Steve Hamer of Arrium. IRON and steel company Arrium says it cannot rule out mothballing its Whyalla steelworks in South , putting question marks over its rolling mills in Newcastle.
杭州桑拿

The Newcastle mills on the former BHP site receive all of their feedstock by rail from Whyalla.

’s other steelmaker, Bluescope Steel, this month struck a deal with its unions to cut 500 jobs to keep its Port Kembla steelworks opening, preserving 5000 jobs.

In an announcement on October 1, Arrium unveiled plans to cut $100million in costs over two years from Whyalla, on top of existing plans to cut $60million in costs company-wide.

At the time, Arrium boss Steve Hamer said steel industry conditions were the worst he had seen and that the federal government was failing to protect the domestic industry from steel dumped in at below-cost prices.

Mr Hamer said the company had to consider all of its options.

‘‘We need to look at our business model all the time including imports, blast furnace, electric arc furnaces, do we mothball or run our production down, all those sorts of questions,’’ Mr Hamer said.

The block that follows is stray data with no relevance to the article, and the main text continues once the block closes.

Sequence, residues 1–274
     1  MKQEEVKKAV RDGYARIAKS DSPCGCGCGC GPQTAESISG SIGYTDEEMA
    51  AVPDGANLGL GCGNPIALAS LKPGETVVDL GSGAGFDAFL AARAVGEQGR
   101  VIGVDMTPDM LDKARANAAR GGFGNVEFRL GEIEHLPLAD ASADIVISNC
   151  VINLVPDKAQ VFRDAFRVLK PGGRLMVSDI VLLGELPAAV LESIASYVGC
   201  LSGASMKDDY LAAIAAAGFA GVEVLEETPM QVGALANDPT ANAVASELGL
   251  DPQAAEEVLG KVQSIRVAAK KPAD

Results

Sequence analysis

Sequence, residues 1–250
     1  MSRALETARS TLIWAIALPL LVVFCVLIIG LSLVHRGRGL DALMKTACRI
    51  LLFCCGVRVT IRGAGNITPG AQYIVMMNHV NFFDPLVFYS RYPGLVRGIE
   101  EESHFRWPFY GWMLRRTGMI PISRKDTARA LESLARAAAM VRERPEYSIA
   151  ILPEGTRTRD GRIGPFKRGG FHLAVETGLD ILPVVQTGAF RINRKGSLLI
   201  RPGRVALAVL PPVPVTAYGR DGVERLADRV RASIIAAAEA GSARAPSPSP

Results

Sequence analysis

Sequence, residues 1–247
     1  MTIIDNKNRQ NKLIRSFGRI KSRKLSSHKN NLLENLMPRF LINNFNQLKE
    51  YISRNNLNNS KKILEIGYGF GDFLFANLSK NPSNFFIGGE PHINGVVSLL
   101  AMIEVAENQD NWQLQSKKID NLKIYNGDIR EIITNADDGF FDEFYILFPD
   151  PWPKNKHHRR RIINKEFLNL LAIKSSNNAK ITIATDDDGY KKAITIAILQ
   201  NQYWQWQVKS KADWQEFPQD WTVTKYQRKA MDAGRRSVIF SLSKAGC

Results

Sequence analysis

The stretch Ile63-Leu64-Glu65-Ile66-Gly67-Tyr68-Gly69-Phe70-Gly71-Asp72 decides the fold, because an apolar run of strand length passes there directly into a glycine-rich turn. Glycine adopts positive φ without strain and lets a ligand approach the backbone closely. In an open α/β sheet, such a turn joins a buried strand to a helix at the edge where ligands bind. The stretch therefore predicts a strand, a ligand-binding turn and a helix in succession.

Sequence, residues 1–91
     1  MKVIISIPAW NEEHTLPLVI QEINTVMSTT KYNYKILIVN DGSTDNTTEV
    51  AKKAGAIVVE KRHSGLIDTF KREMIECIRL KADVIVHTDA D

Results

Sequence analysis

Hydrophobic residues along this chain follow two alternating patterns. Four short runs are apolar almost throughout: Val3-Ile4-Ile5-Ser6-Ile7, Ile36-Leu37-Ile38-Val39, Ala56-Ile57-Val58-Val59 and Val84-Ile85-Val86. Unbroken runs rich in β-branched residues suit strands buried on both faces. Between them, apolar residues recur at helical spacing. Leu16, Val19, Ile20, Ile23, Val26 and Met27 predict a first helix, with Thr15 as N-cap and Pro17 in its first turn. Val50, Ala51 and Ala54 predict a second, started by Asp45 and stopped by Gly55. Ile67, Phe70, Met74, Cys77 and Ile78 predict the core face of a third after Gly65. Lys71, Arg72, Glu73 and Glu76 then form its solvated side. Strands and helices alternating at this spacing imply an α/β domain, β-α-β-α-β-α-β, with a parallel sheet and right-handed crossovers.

‘‘That [mothballing Whyalla and importing raw steel] is a live and active question in our business.’’

n Workers Union Newcastle branch secretary Richard Downie said companies sometimes threatened to shut down plants in the heat of negotiations, but the union was keeping a close eye on things, regardless.

In event of a mothballing, the impact on Newcastle would depend on whether Arrium imported finished steel products that were ready to sell or whether it imported billets to be rolled at Newcastle.

An Arrium spokesman acknowledged Mr Hamer’s comments but said the focus was on cost-cutting, not shutting plants.